GOMA, DR Congo - The United Nations said Tuesday its peacekeeping troops would "go after" remaining rebel groups in the Democratic Republic of Congo, armed with the UN's first-ever surveillance drones.
The UN's special offensive force in DR Congo -- the first of its kind -- chalked up a major victory last month over the armed groups that have long harrowed the country's east, helping the Congolese army fight the powerful M23 rebels into surrender.
After that victory, there is a "prospect of being able to go after other armed groups. Well, that's just what we are going to do," said the head of UN peacekeeping operations, Herve Ladsous, from the northeastern city of Goma.
Ladsous was speaking after the UN peacekeeping mission, a 20,000-troop force known as MONUSCO, launched an Italian-made surveillance drone from the airport in Goma -- the first time the United Nations has used such pilotless aircraft in any country.
MONUSCO, which is tasked with "neutralising" the country's armed groups, currently has two unarmed drones. Both are fitted exclusively for reconnaissance missions, to back up its ground forces.
The mission is to be equipped with three more by March next year, enabling it to run round-the-clock air surveillance.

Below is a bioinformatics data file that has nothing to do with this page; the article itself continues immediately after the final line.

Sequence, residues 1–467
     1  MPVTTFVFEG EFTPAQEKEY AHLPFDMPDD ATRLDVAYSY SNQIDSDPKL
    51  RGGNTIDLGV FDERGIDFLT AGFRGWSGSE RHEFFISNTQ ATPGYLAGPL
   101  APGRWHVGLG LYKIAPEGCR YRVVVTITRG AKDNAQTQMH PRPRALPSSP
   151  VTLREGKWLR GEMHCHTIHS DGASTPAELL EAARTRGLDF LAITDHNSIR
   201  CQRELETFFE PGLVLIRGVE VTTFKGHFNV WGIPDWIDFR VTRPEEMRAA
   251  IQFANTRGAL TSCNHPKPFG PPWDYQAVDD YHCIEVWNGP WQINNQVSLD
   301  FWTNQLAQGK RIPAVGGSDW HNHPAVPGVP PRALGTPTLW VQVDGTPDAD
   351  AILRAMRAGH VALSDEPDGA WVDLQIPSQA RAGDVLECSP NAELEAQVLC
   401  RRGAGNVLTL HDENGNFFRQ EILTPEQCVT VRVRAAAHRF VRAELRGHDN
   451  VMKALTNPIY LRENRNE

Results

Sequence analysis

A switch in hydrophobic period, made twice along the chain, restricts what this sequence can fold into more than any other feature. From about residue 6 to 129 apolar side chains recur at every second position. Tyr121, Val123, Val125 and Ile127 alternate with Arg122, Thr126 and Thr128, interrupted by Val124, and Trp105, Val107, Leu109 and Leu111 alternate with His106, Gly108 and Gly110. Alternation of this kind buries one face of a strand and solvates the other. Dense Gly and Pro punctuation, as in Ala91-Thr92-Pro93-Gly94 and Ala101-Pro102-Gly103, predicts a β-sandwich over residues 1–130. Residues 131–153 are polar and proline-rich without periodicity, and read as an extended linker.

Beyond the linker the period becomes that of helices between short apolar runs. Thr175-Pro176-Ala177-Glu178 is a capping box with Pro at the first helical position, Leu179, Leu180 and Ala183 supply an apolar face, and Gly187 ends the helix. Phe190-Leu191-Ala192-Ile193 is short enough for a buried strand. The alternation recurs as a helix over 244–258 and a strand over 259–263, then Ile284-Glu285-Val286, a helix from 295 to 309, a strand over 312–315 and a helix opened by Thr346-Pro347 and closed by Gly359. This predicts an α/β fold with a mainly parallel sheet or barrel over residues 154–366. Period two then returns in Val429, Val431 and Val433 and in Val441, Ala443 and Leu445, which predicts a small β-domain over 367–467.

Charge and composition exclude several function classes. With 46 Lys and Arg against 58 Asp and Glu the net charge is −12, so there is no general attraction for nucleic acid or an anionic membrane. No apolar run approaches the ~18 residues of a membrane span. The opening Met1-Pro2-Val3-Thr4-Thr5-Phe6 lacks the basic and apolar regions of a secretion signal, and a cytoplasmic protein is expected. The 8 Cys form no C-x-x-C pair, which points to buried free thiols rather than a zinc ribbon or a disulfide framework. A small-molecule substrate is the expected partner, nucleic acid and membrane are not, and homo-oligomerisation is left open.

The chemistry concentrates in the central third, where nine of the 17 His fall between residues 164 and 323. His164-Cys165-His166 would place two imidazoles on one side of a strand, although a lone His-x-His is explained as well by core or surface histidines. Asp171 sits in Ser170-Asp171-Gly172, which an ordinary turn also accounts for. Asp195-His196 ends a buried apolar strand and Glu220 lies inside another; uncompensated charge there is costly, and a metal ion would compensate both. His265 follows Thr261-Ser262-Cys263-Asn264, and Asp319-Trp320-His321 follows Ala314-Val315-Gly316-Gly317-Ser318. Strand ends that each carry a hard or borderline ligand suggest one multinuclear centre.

The drones have a range of about 200 kilometres (120 miles), operate at altitudes of between 2,000 and 3,000 metres (6,500 and 9,800 feet), and can conduct surveillance even in the eastern region's densely forested areas, MONUSCO said.
The deployment of drones comes at a "symbolic" moment, Ladsous said, after the "fundamental change" on the ground when Congolese troops backed by the new UN intervention brigade forced the M23 to surrender on November 5.
The drones will be "an incomparable tool", Ladsous said. They will fly over North and South Kivu provinces and "are going to give us precise usable information in real time in tactical terms," he added.
The drones will survey mineral-rich territory fought over by dozens of armed movements, which the 3,000-strong special brigade -- comprising soldiers from Malawi, South Africa and Tanzania -- has been ordered to neutralise.
The aircraft will also be used to survey the porous borders between North Kivu and Rwanda and Uganda, in a bid to prevent the two countries providing support to groups inside DR Congo.
The UN accused Rwanda and Uganda of backing the M23 -- a charge both countries denied.
MONUSCO is one of the two biggest UN peacekeeping missions in the world, along with the force in Darfur, Sudan. It has an annual budget of $1.5 billion.
First deployed to DR Congo in 1999 as an observer mission called MONUC, the force has seen its mandate expand over the years but has hitherto failed to prevent conflict.
Eastern DR Congo was the cradle of back-to-back wars that ravaged the country between 1996 and 2003.
The region has rich deposits of minerals including gold and coltan, a key component in electronic devices, but is ravaged by rebels and militia who rape and murder with impunity, according to rights groups.